Most of us don’t like receiving a parking ticket or any fine really. I’ve never come across a person who has been happy at the sight of one of these small rectangular pieces of paper flapping on their windscreens. Rather there’s that sinking feeling and the frustration at having been foolish enough to receive the fine in the first place.
However, one has to look no further to a small town in Northern England, whose only parking inspector quit in 2014, to understand the importance of these officials. Initially the town’s residents rejoiced that they would no longer be subjected to the “grey ghosts” who cost them spare their spare cash. But soon people no longer listened to the traffic signs around the town. This resulted in days of having one’s driveway blocked, disregard for disabled parking signs and an almost impossible search for a car park around the train station in what used to be the two-minute pick-up zone. Residents reported that they were flabbergasted at how careless other drivers had become upon learning that they would not be subject to any fines, including blocking an access ramp for ambulances to the local hospital. After almost three months the townspeople were begging the council to hire a new parking officer so that a sense of normalcy, and law and order, could be returned to the town. When the first fines were reissued after the hiatus the community breathed a sigh of relief that their town would return to normal.
In this week’s Parsha, Parshat Shoftim, G-d commands the Jewish people to appoint “magistrates and officials for your tribes, in all the settlements that G-d is giving you and they shall govern the people with due justice.” When examining the example above, it becomes clear that without law and order, even seemingly mundane jobs become critical in maintaining an orderly society. As part of Jewish law, even a parking inspector’s role is critical to maintaining the societal functions that G-d expects of us to ensure that people are taken care of and the sense of right and wrong is maintained through a just court system. As noted in this week’s Parsha, Jewish law takes great pains to ensure that the court systems that are set up have adequate safeguards in place to prevent bias and partial judges; as the Parsha states “justice justice you shall pursue” and “you shall not take bribes for they blind the eyes.” As part of this justice, the impartiality that a judge must apply does not extend only to dollar bribes, but also the perceptions that can sway them such as appearance and rich vs. poor and status. A society where such factors dominate how justice is meted out will fail because the principals upon which it is built upon are fundamentally flawed.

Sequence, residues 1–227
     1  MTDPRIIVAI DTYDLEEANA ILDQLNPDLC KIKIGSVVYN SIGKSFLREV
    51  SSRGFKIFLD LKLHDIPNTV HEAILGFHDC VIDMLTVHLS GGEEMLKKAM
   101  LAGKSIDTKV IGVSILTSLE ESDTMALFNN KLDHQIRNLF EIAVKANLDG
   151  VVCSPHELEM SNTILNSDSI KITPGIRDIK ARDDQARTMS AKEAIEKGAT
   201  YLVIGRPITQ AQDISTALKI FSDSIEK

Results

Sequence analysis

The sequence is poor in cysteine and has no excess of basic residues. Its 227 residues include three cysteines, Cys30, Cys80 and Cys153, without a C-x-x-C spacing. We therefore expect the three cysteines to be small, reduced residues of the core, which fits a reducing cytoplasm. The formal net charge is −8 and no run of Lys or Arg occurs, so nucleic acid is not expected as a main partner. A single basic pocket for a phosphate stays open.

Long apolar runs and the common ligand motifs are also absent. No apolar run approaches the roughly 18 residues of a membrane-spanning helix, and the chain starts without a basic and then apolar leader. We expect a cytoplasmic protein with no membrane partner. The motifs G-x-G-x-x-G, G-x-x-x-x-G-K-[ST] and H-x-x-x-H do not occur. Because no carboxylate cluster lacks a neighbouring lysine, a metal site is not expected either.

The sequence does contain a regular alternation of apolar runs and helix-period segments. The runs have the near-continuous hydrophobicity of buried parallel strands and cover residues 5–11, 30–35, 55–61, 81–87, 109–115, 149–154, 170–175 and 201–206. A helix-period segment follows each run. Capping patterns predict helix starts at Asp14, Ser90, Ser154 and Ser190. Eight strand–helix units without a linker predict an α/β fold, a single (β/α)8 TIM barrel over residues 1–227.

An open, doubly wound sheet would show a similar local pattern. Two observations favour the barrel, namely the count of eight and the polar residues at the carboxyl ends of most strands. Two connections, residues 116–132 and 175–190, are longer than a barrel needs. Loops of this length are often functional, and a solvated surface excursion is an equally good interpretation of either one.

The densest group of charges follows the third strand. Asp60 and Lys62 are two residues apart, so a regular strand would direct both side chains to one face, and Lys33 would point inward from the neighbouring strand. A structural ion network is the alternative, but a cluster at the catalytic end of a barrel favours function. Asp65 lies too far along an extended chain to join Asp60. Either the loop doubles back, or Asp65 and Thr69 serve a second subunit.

The Torah also recounts the laws surrounding the terrible fate of one who has been found slain in the open field with the identity of the slayer not being known. The elders, magistrates of the nearby towns, are commanded to go out and measure the distance from their towns and the corpse is taken to the nearest town to where it has been found. A heifer is brought from this town and they shall break the heifer’s neck, the priests shall come forward and bless G-d and the elders of the town nearest to the corpse shall wash their hands of the heifer whose neck was broken and shall declare: “our hands did not shed this blood, nor did our eyes see it done, absolve O L-rd your people Israel whom you redeemed and do not let the blood of the innocent remain among Your people Israel.” This ritual, known as the “Eglah Arufah” is certainly strange and the Rabbis classify it as a law that does not have a rational explanation.
However, the symbolism is clear. When they wash the hands of the elders, and declare that they did not shed the blood of the innocent, the Talmud declares that that the elders are not declaring their own innocence, but that they did not permit lawlessness and violence that lead to murder to flourish in their towns. The Midrash adds: “in our community, no poor person goes unaided to the point of being driven to a life of crime.”
What the rabbis were teaching us is, that while it is obviously forbidden to commit murder, it is also our responsibility to prevent murder and acts of violence from occurring in our society. We must have laws and systems in place to ensure that our society functions with courts of law and impartial justice. We are responsible for all people in our society and must make every effort to ensure that our justice system is not corrupt and that those on the fringes are cared for and included.
When we see injustice and violence we may not just wash our hands of responsibility and walk away. As a Jewish people, we have a responsibility for all our brethren to ensure that we work towards ameliorating existing attitudes in our society that lead to violence, hate and criminal attitudes that can lead to a lifestyle of hate. As the Parsha says, we have the responsibility to implement courts and systems, including parking inspectors, to ensure the safety of our people and society.